Yesterday I’ve read your posts about studying in Medina (, because I also have a target to get there, hopefully there can be a further article to discuss about it.

        Also want to ask, why did you choose Yale instead Oxford or Cambridge or continue doctoral in Medina?

        Thank you for the answer. :D

      • Abdul Hameed

        April 23, 2014 at 3:56 PM

        Yaser Qadhi.What ever good coming from you is due to MADINA association and what ever bad is coming to you is from PhD you did in the western university.There are thousands of salafi scholars who are more knowledgeable than you and not a single one would consider worth to comment against you.That is their greatness.There are enough ignorant who would fall in your trap but ultimately you will fail miserably.

        It is the time for you to pray sincerely this dua.Rabbana la tuzie kuloobana baeda Id hadytana Wa hablana minladunka rahma innaka antal wahhab.
        You are slipping and try to stand up before you fall flat on the ground.Allah gives chance for all to correct and cone back to truth.Put your best effort and dua for av speedy recovery.

        Abdul Hameed M H

        • Yasir Qadhi

          April 24, 2014 at 9:13 AM

          Whatever good has come from me, is due to Allah and solely to Allah. Whatever bad has come from me, is from the whisperings of Shaytan, and from my sins, and Allah and His Messenger are free of it.

      • Hassan

        April 28, 2014 at 1:03 AM

        Assalamu Shaykh Yasir
        I’d appreciate your thoughts on this. According to the Mardan fatwa by Ibn Taymiyyah he said it was permissible to use force to change rulers who arn’t ruling by the sharia.
        What is your opinion on this? Can the uprisings in Syria justified based on this fatwa or was Ibn Taymiyyah’s fatwa relevant only for his time?
        Please explain.

        • Yasir Qadhi

          April 28, 2014 at 9:58 AM


          Such fatwas are useful references, but we can’t and shouldn’t just cut/paste fatwas and re-apply them in our times. Scholars can and should benefits from such fatwas, but they also need to see what is the same and what is different in our times.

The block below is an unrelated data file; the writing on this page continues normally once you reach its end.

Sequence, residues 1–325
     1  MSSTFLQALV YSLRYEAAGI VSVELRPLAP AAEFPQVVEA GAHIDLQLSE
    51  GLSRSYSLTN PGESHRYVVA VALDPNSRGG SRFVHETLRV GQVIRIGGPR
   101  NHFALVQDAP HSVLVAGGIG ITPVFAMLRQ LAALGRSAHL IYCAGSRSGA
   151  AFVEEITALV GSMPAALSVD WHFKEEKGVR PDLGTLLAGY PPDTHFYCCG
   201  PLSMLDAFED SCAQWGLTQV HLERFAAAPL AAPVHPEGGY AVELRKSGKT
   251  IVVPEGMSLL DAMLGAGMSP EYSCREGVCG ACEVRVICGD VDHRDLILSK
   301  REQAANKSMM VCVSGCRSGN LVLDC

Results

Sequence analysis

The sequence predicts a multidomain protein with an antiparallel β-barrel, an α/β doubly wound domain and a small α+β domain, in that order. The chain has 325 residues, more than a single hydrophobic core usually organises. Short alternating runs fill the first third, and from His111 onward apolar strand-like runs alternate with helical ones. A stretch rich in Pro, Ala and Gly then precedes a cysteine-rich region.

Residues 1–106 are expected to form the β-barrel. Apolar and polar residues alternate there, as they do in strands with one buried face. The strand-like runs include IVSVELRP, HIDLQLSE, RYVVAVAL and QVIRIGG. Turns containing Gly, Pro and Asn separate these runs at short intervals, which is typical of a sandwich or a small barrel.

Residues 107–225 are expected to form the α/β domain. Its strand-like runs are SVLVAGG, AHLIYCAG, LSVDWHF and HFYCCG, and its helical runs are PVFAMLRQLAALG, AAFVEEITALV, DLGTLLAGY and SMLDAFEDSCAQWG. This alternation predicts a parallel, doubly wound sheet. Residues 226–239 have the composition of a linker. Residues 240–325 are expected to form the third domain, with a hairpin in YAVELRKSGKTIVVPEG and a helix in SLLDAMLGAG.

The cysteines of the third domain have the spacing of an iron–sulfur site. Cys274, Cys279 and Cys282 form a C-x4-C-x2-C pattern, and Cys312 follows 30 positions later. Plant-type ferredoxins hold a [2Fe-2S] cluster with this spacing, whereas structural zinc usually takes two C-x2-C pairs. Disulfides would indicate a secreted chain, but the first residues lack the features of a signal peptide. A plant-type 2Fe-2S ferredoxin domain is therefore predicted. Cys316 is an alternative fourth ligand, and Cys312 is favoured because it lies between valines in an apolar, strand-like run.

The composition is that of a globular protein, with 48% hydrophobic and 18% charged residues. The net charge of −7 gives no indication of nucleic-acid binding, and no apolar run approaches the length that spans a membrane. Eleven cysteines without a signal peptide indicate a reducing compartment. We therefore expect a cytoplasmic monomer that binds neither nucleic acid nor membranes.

Let each region’s scholars decide what is best for their peoples. As someone who has no experience living in Syria, I don’t feel qualified telling the Syrian people what exactly they should do.

          On the other hand, you don’t need any experience in Syria to state that the current non-Muslim anti-religious Pharoanic regime is one of the worst and most evil and brutal dictatorships the world has seen.


          • Muhammad

            April 28, 2014 at 2:33 PM

            Dear Brother Yassir, I read your article on Salafism and I must admit that it is one of the most comprehensive I’ve read, That said. I don’t share your view on Syria, The Government of Syria is not an, anti-religious regime. Syria has 0ver 5,500 years of religious Historical Artifacts that the Nifaq-Taqfiris Jihadi/Zionist have destroyed. The Al-Bath Party of Syria are made up of a diverse group of multi sect Muslims, Christians, and minorities. the Al-bath protects the Minorities from dangerous extremist. While it has committed unspeakable crimes , and needs to be reformed, it did not deserve the violent calamity that was wrought upon it, nor did the Syrian People, deserve such wicked and hateful Barbarism. And
            If this is all the the Muslim World has to look forward to, in the Future then I’ll pass. The crimes that are being committed by, these Nihilist Takfiri “Convert to Islam or die” Mad men Ulimah of Saudi is to say the least, frightening and Archaic in Nature. What is to